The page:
Sometimes, however, despite these changes, blood pressure remains too high to be safe, and the patient bears the risk of blowing a blood vessel in their brain and ending up with a stroke. Often they would then be better off taking a toxic medication than having a stroke. Keep in mind that the body, besides wanting to be healthy, is very aware of the reality that there are toxic things in the environment. The body is built to handle toxins. So if you put a toxic medicine in, for the most part (if you’re doing it intelligently), it can clear away a lot of the toxicity and you can live with it in a way that is safer than if you had left it alone and risked having a stroke.
Above: Dr. Sultana in the kitchen of TrueNorth Health Center when it was located in Penngrove, CA.
Another issue is the advocacy or efficacy of raw foods, and the old hygienic notion that “cooked foods are dead foods” and that the pristine diet is a raw one. You mentioned earlier that in the early stages of your journey to Natural Hygiene you focused too much on raw foods. What is your perspective on the raw food diet?
The raw food diet was probably the thing that first drew me to the Natural Hygiene community. The idea of just picking up food in its natural state and eating it is very attractive. In reality it doesn’t really work well for most people because they don’t have the capacity to digest and be satiated on food that is 100% raw. You can make the food more bioavailable by conservatively cooking it, mainly steaming or baking. But the notion that “cooked food is dead food” is really missing the forest for the trees. Is food supposed to be “alive” when you eat it? What does that mean? If that refers to enzymes that are destroyed by cooking, keep in mind that the bulk of our digestion is done by our own internal enzymes. If you try to take in food that you cannot digest with the hope that it is carrying enzymes that will do it for you, you are going to be very disappointed. Very few nutrients are destroyed through cooking our food relative to the hundreds of good nutrients that are absorbed and active.
So does conservative cooking preserve or destroy the enzymes?
Mostly it preserves the nutrients, some are destroyed, some only become bioavailable by cooking, and most are retained. You can conclude by physical examination and blood tests just how much nutrients a person is getting. Someone on a mix of raw and cooked whole foods can actually have a much better nutrient profile than someone on a purely raw diet. Cooking can destroy some nutrients and deliver other nutrients. Most people need both to thrive.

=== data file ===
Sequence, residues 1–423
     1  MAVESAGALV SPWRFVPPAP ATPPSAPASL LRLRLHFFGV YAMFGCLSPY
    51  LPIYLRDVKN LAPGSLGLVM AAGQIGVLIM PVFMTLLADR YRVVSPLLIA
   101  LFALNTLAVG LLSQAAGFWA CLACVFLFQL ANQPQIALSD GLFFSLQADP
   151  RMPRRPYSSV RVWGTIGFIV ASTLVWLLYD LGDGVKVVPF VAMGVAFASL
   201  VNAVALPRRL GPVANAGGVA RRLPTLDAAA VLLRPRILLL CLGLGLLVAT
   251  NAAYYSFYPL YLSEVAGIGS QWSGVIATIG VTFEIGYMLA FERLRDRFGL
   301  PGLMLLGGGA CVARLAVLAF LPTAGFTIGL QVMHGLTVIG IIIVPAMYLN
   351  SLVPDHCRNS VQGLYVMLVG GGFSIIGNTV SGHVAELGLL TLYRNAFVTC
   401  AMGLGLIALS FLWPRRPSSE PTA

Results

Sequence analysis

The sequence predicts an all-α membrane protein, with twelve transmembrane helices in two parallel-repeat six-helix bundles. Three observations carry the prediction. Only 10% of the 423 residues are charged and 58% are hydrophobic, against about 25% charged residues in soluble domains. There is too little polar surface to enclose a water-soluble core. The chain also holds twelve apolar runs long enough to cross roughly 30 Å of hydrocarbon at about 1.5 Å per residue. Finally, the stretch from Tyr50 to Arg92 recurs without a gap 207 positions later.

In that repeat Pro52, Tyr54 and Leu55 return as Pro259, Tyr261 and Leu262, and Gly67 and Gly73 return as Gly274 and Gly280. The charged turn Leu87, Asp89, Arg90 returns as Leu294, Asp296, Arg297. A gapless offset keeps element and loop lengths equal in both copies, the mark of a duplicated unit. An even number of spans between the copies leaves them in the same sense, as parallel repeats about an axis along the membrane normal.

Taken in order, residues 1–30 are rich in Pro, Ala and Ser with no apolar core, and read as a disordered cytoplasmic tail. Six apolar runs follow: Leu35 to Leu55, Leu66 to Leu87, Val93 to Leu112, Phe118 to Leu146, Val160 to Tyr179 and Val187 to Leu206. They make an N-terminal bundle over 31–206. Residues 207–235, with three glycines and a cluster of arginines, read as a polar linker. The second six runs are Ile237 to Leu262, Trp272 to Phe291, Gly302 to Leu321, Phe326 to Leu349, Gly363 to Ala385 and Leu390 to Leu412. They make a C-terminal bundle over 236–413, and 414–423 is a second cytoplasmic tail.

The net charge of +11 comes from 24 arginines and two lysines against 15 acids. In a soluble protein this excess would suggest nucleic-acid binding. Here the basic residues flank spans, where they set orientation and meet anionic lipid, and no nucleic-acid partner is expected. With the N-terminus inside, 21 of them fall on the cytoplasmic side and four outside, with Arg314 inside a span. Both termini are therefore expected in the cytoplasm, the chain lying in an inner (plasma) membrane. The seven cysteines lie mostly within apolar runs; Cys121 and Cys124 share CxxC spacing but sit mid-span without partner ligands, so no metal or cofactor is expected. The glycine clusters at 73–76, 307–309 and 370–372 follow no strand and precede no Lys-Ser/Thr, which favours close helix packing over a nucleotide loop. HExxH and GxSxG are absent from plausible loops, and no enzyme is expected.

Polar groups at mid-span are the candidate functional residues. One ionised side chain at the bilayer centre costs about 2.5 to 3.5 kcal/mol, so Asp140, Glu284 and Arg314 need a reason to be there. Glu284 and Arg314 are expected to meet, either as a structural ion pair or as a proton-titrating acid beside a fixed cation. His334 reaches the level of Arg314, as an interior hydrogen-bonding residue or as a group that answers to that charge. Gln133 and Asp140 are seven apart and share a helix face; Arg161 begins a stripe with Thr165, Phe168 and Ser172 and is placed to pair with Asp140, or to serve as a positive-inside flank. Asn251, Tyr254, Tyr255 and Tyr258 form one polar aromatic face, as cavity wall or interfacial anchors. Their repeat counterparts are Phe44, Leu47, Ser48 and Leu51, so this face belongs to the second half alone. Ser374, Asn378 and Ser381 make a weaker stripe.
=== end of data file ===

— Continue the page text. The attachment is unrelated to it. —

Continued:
A powerful notion among hygienic physicians is that the body has a pretty remarkable ability to cleanse, repair and restore itself? Is that the case?
The body does indeed have a remarkable ability to do so. However, I am concerned that in our 21st century we are hitting the limit on that. I do not think the body is equipped to keep up with the amount of chemicals and toxic exposures that it’s being hit with these days. The early hygienists were right; the body was able to recover and handle toxicities if they were reasonably managed. Now we are living in a soup of toxic pollution, and the body doesn’t keep up as well. Dr. William Esser, one of the early hygienists, had one of the longest careers in supervising people through healthy transformations and fasting. He had a huge amount of wisdom built up over the years, and one of the observations that he made toward the end of his career was that people weren’t getting as well with fasting. He was not seeing as many of the dramatic recoveries that he used to back when he first started doing this. He recognized, wisely so, that the world had changed and the old principles written back then aren’t so simple anymore. We can no longer think that all you have to do is eat some healthy food and do a little fasting, and you will recover. There is a lot of damage that has been done, and the body is at the edges of its ability to try to undo it. Yes, people still get amazing improvements, but there are some injuries that cannot be undone. This is why our message of prevention is so important.
Above: Dr. Sultana in 2014, at far left, with his fellow TrueNorth clinicians in Santa Rosa, CA.
What conditions do you see that still respond well to fasting and a hygienic diet?